It turns out that mid size companies in the professional services and financial industries, and small businesses overall, are particularly vulnerable to white collar crime in the U.S., Hiscox determined in a new study.
The international specialist insurer found that 17 percent of employee theft in organizations with fewer than 500 employees takes place in the financial services industry the most of any industry examined in the study. What’s more, the median loss for professional services due to employee theft surpassed $615,000, which was also a top loss among industries included in the study.
Small businesses face heavy risks in terms of white collar crime. Hiscox found that firms with fewer than 150 employees were 10 times more likely to be hit by fraud than businesses with 250 to 500 employees.
Doug Karpp, Crime & Fidelity product head at Hiscox, noted that employee theft can harm in ways that go well beyond financial.
“The ripple effect of employee theft threatens the trust employers place in their teams and damages morale,” Karpp said in prepared remarks.
Hiscox’s 2016 Embezzlement Study looked at employee theft cases active in the U.S. federal court system in 2015, particularly those that hit companies with fewer than 500 employees.
Here are some of the study’s other major findings:
- U.S. companies with up to 500 employees faced a median loss of $341,710 per year due to employee theft.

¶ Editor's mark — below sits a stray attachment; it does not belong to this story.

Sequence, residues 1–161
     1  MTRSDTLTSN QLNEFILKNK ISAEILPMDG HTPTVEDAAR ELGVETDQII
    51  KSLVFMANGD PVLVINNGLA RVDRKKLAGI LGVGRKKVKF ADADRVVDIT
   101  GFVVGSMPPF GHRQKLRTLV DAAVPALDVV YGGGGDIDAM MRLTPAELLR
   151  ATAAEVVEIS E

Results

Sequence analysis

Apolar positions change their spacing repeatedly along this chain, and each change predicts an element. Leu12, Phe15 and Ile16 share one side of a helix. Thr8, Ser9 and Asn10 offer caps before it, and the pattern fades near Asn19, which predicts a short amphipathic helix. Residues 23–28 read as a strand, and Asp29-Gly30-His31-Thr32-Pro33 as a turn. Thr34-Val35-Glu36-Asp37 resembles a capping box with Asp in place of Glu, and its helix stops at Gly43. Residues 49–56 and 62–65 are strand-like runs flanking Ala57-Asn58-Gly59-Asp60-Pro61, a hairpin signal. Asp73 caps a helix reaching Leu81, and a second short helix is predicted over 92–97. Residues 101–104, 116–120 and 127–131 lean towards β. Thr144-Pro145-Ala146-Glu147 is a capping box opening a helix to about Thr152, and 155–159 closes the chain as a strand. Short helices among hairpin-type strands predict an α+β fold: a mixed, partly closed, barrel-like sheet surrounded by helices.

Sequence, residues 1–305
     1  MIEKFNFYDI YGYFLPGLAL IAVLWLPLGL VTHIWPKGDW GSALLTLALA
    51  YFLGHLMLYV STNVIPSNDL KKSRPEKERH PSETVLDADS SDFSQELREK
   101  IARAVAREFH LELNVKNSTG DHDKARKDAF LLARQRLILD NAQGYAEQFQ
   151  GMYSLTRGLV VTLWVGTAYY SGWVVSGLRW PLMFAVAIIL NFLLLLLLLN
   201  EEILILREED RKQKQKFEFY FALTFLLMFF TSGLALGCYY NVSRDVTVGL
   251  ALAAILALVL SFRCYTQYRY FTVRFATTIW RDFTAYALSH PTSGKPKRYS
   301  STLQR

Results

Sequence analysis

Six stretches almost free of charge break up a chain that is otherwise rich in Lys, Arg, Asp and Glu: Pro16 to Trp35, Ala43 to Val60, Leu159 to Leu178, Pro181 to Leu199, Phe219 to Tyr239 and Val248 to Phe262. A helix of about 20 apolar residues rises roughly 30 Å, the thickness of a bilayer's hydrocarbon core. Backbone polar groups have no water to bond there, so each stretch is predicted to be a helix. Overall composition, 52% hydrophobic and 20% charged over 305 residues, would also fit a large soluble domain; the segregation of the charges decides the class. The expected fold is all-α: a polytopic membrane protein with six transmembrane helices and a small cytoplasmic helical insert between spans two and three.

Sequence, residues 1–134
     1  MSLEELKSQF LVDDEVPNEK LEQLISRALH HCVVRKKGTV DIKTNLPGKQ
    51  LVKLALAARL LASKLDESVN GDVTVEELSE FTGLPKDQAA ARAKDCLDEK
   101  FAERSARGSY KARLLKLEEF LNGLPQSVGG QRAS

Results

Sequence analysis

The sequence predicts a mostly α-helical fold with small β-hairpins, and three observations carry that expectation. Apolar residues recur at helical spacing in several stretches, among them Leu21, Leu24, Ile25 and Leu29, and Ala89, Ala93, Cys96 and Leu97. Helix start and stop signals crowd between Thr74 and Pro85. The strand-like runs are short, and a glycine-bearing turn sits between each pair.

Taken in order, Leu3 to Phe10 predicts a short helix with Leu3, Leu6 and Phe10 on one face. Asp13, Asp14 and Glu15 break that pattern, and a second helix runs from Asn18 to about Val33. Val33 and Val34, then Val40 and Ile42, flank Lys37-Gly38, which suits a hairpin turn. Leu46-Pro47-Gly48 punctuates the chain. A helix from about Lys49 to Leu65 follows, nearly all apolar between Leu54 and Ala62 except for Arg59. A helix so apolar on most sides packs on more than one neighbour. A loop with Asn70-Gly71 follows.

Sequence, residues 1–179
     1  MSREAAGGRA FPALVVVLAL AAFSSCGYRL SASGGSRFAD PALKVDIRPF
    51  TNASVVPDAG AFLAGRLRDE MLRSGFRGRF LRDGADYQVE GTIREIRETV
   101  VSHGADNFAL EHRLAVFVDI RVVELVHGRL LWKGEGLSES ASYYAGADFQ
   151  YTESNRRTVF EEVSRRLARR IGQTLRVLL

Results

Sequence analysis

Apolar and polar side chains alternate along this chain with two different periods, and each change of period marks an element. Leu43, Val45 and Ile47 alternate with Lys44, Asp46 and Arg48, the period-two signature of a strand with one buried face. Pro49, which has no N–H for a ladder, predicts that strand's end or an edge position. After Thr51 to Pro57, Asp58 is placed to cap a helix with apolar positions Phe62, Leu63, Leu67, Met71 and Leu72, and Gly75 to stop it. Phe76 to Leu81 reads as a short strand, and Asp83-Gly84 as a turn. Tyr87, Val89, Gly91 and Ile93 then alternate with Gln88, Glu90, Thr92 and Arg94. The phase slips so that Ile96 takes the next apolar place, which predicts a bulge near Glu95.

- Over 80 percent of thefts took place at companies with under 150 employees, and just under 50 percent had under 25 employees.
- Funds theft is the most common fraud scheme in both small businesses and large organizations in nearly every industry.
- A typical embezzler was the median age of 49, and women were part of more than 56 percent of cases.
- Bookkeepers were involved in 11 percent of all cases involving employee theft.
- Employees in senior organizational roles pursued 25 percent of all employee theft schemes in the study.
- Senior level executives who pursued theft at their companies left a median loss of $966,000.
Hiscox said that the combination of pressure (due to debt or other expenses), opportunity and ability can combine to push people into committing fraud at their companies. To reduce fraud risk, Hiscox recommends never giving one person end-to-end responsibility for accounting or accounts payable. Hiscox also said companies should pay attention to employee lifestyles, conduct lawful background checks, educate employees and promote a culture of trustworthiness and integrity.